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  • Finding yourself [panoramic image sensors]

    Publication Year: 2004, Page(s):53 - 61
    Cited by:  Papers (1)
    Request permission for commercial reuse | Click to expandAbstract | PDF file iconPDF (1068 KB) | HTML iconHTML

    This work presents a robust camera pose algorithm and a working system to compute bounded-error estimates of the position and orientation of panoramic images captured within large, arbitrarily complex environments while moving the camera within a plant. A planning algorithm is used to place fiducials in an environment so as to satisfy a set of fiducial constraints, including the number of visible ... View full abstract»

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  • Autonomous exploration and mapping of abandoned mines

    Publication Year: 2004, Page(s):79 - 91
    Cited by:  Papers (43)  |  Patents (2)
    Request permission for commercial reuse | Click to expandAbstract | PDF file iconPDF (2912 KB) | HTML iconHTML

    This article discusses the software architecture of an autonomous robotic system designed to explore and map abandoned mines. A new set of software tools is presented, enabling robots to acquire maps of unprecedented size and accuracy. On 30 May 2003, the robot "Groundhog" successfully explored and mapped a main corridor of the abandoned Mathies mine near Courtney, Pennsylvania. This article also ... View full abstract»

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  • Household robots look and learn: environment modeling and localization from an omnidirectional vision system

    Publication Year: 2004, Page(s):45 - 52
    Cited by:  Papers (11)
    Request permission for commercial reuse | Click to expandAbstract | PDF file iconPDF (1766 KB) | HTML iconHTML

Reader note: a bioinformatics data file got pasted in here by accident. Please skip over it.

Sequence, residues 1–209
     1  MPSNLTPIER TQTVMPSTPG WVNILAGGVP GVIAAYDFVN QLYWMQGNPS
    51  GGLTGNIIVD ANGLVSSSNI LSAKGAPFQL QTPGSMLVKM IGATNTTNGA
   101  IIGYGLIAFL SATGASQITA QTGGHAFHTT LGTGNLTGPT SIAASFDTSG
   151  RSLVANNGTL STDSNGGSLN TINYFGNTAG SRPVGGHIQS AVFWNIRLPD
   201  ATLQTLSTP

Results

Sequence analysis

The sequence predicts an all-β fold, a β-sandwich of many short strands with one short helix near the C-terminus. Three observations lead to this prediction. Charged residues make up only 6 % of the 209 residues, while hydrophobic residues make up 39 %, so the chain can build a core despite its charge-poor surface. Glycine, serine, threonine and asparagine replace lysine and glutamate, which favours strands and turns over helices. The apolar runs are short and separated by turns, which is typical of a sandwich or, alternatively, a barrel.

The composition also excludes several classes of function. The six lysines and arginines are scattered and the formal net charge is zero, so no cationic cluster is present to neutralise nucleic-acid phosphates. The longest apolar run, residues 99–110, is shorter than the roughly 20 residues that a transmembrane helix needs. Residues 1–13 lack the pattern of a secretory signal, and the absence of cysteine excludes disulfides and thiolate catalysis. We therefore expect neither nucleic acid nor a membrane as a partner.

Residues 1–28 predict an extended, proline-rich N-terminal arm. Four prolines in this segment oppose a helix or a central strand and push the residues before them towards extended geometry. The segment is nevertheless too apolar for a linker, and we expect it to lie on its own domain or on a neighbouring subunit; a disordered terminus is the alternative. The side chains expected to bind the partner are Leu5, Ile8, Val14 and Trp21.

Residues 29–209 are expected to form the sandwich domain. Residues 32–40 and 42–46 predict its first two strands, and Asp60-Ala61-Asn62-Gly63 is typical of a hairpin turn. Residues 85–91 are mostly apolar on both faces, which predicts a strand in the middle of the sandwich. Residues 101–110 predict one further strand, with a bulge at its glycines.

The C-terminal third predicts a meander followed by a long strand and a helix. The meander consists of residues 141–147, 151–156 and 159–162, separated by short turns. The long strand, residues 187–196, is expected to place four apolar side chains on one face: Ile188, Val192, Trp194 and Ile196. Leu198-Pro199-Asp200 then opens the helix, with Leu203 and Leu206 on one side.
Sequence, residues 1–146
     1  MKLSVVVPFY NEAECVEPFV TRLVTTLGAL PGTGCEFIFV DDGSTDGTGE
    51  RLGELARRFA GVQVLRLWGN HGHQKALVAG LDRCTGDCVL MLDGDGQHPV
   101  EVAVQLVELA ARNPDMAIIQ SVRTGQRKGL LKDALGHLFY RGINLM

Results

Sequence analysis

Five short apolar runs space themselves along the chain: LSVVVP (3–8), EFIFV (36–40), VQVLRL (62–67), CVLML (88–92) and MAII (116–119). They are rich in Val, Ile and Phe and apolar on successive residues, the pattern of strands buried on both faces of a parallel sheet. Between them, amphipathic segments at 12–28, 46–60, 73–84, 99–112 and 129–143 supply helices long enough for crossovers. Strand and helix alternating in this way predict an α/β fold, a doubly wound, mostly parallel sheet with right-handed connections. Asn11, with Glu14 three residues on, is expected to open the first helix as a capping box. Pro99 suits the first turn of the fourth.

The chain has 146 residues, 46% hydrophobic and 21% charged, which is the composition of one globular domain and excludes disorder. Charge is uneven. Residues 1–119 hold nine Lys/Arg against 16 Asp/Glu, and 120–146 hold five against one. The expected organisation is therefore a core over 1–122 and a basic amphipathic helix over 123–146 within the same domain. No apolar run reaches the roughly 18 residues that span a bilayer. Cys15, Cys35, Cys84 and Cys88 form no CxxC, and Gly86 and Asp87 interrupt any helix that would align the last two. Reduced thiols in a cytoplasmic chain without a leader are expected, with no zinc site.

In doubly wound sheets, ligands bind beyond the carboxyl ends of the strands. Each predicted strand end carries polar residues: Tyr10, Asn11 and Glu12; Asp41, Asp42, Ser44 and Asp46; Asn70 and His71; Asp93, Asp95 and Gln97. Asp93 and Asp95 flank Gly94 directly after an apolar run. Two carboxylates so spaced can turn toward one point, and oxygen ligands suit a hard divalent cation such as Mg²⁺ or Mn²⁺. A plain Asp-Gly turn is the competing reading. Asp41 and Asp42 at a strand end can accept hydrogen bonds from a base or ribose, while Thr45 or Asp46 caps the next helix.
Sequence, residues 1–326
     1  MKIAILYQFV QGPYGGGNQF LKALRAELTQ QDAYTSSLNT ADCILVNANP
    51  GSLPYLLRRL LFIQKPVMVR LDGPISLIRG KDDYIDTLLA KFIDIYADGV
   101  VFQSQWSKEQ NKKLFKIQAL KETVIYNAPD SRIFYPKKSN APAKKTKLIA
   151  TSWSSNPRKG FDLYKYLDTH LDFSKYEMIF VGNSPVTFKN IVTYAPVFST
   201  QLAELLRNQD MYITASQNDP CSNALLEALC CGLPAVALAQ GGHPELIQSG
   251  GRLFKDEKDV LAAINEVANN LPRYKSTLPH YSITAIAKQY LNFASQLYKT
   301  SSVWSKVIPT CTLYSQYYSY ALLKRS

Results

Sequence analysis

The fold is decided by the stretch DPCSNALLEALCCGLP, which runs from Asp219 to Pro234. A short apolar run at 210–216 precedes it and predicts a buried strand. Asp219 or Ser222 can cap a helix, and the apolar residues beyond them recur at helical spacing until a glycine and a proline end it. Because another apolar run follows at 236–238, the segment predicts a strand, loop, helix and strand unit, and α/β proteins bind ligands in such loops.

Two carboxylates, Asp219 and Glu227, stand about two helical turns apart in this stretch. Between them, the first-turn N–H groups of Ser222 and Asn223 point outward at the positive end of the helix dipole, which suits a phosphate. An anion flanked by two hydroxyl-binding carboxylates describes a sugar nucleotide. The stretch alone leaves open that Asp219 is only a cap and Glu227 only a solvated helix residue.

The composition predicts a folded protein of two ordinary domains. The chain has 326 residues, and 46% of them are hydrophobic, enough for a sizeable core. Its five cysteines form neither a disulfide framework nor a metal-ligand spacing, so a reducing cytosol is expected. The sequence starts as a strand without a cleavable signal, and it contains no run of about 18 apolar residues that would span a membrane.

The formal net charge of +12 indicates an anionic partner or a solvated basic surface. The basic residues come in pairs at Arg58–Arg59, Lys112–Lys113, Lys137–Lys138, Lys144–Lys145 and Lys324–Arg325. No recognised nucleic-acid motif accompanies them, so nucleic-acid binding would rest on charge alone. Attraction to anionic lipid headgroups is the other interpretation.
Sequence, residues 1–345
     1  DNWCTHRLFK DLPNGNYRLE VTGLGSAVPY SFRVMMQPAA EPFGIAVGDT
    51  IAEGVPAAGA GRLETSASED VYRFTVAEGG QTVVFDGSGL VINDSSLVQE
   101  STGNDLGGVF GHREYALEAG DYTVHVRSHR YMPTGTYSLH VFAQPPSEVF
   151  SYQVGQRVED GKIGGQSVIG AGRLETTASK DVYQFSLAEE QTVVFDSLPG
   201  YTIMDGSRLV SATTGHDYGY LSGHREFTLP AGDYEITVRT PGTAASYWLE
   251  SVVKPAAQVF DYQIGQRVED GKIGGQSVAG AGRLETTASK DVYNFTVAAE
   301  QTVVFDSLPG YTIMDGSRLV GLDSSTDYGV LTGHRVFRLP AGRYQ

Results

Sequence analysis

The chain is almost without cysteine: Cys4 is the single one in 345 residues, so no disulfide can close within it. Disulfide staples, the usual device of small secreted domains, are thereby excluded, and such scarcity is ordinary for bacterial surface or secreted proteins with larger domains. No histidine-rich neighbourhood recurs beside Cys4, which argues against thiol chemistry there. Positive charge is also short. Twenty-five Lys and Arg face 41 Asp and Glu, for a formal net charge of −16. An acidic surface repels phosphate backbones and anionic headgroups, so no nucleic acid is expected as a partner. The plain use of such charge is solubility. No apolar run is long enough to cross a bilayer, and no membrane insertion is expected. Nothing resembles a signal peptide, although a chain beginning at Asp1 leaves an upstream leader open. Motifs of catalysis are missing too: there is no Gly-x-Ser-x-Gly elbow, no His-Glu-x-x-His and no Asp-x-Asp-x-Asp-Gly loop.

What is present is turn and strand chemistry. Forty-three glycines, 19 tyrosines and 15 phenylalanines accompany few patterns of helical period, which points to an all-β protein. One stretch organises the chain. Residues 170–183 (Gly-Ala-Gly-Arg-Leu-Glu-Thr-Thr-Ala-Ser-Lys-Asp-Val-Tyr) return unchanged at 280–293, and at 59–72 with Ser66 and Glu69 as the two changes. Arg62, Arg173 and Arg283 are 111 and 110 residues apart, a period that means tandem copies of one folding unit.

The work illustrates that a catadioptric omnidirectional vision system can be successfully applied for basic mobile robot navigation tasks, such as localization and environment learning. In combination with other capabilities of such a sensor, such as the recognition and tracking of humans, and because the price of such systems can be made low, this system is particularly suited for systems that a... View full abstract»

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  • A matrix approach to an FMS control design [flexible manufacturing systems]

    Publication Year: 2004, Page(s):92 - 109
    Cited by:  Papers (6)
    Request permission for commercial reuse | Click to expandAbstract | PDF file iconPDF (2092 KB) | HTML iconHTML

    This article presents advantages of using new technologies and design methods for control of flexible manufacturing systems (FMS). For this purpose, a matrix-based description of FMS operations is adopted, as it generates the form of the FMS supervisory controller that is directly convertible into the programmable logic controller (PLC) program. An accent is given to the program tool FlexMan which... View full abstract»